Especially since, quite recently, he said he felt perfectly normal on a vegan diet, so was he lying then or is he lying now or did he, by chance, develop novel unbearable health troubles in an incredibly narrow, highly coincidental window of time? Either way you slice it, the probability of there being some bs in play seems exceptionally high.

Perhaps it is simply a matter of privacy, and he does not wish to disclose his medical history. However, if this is the case, he must be aware that his silence will lead to precisely the kind of conclusions that I have drawn here.

Second, let’s talk about motivated reasoning and rationalizing our choices. 

What would a health-concerned vegan do, if they found they have some mysterious health issue that can only be resolved with animal products? Eating bivalves is the obvious answer. Bivalves have plenty of omega 3s, they’re rich in minerals, they’ve got animal protein, an insane amount of b12, iron. Basically all those things people claim they eat fish for? You can get those things from bivalves.

If you’re leaving veganism for health reasons and seeking a magical nutrient that can only be found in sealife, then they are the most defensible animal product to consume. They most likely don’t have any subjective experience whatsoever and most vegans, I expect, avoid them not because they believe that mussels have subjective experience, but rather, because they find them gross or out of an abundance of caution. That is, there’s a small chance they have subjective experience and better safe than sorry.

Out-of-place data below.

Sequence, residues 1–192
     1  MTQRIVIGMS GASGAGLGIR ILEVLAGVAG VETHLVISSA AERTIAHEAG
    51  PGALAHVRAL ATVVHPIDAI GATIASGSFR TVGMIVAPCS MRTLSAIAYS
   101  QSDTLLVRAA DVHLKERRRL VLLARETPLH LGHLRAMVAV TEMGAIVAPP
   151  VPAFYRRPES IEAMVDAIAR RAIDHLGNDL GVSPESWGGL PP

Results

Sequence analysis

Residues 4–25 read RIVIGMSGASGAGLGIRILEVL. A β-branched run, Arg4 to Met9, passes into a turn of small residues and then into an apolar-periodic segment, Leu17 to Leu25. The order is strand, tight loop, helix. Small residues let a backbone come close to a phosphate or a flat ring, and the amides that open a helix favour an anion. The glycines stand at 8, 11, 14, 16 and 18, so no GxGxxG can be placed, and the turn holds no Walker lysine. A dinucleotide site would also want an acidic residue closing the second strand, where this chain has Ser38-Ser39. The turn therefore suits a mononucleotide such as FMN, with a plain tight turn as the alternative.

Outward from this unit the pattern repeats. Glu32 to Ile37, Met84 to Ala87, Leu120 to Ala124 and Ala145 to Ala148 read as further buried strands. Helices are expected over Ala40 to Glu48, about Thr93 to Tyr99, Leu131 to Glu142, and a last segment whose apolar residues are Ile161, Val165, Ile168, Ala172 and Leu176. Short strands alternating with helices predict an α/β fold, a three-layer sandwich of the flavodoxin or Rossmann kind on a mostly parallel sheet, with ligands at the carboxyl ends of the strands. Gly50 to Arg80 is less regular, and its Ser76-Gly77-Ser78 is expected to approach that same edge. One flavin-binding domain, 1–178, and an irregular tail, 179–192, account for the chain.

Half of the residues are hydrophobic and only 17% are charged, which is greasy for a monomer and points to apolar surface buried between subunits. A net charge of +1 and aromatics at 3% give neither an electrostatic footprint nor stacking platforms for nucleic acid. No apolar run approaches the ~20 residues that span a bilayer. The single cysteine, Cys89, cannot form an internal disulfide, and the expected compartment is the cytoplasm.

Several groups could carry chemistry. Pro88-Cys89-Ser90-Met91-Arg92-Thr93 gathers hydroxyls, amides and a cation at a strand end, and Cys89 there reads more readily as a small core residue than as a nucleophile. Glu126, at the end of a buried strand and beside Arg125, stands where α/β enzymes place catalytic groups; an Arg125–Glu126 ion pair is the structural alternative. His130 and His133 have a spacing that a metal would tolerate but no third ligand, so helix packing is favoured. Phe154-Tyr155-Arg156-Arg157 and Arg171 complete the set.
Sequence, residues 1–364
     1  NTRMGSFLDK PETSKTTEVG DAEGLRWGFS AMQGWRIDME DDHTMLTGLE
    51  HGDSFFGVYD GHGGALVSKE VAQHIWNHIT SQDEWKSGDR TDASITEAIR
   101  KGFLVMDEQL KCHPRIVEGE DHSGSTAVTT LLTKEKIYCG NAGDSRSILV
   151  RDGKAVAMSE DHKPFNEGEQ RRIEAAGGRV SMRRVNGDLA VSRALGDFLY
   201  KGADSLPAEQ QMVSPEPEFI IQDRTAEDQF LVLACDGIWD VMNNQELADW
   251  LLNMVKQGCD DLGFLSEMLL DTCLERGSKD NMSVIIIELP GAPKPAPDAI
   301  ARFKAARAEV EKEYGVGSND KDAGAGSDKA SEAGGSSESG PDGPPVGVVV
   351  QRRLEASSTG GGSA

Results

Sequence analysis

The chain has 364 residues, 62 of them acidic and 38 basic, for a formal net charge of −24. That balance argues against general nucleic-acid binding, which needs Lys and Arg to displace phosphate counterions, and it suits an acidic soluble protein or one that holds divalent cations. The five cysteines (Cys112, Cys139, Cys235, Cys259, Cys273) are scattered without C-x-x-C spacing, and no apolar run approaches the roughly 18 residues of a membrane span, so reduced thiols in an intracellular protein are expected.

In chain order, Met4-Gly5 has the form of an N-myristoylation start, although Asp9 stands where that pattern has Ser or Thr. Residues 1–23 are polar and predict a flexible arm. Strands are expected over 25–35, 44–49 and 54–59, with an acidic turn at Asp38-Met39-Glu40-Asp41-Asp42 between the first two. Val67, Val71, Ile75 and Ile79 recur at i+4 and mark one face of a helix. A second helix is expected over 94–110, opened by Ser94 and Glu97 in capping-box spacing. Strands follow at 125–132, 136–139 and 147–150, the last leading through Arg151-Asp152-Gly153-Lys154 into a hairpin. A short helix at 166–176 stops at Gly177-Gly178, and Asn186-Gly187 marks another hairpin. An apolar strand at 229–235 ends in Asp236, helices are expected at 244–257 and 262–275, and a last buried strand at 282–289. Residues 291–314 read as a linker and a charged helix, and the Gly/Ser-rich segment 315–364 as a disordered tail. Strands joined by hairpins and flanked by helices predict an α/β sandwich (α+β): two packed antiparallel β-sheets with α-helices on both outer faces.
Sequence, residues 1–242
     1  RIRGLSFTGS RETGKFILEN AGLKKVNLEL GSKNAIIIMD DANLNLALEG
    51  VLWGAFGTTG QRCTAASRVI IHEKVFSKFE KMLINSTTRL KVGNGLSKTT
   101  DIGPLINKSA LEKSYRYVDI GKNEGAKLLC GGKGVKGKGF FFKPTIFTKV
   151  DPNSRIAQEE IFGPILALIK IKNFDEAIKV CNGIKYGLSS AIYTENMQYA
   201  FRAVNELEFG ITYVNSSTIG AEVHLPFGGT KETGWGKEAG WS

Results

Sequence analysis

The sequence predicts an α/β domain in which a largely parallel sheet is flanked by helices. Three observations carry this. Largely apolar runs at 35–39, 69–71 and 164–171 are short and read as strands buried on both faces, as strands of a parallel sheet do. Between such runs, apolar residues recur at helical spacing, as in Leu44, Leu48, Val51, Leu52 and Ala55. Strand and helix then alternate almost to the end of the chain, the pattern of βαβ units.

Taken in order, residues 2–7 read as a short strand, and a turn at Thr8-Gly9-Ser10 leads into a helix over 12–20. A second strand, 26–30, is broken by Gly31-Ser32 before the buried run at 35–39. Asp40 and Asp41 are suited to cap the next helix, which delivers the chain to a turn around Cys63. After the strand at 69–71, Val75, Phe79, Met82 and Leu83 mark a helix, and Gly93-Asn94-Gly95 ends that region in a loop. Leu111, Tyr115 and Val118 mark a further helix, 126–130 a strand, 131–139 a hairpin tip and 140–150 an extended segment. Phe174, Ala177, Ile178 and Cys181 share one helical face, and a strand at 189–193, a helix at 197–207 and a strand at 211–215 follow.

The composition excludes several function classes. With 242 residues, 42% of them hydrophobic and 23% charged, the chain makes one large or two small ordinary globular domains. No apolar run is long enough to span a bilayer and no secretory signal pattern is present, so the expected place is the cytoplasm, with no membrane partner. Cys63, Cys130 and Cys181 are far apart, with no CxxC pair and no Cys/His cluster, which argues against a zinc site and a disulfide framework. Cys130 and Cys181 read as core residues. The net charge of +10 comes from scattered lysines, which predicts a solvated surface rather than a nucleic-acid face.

Except… What if your reason for quitting veganism isn’t actually health? bivalves are not nearly as convenient as other animal products, and they are not as appetizing as alternative sources of animal protein. They look like massive blobs of snot, and the sensory experience of consuming them is not much better. Now, if bivalves are deficient in whatever magical meat nutrient, insects are the next most apparent choice, but they have an “ick” factor and are not as convenient as fish. You can’t typically find cricket burgers at your local restaurant.

But Alex, I suspect, didn’t have health concerns at first. I suspect he started with some other, true motive that made him quit and health concerns were a rationalization that came after.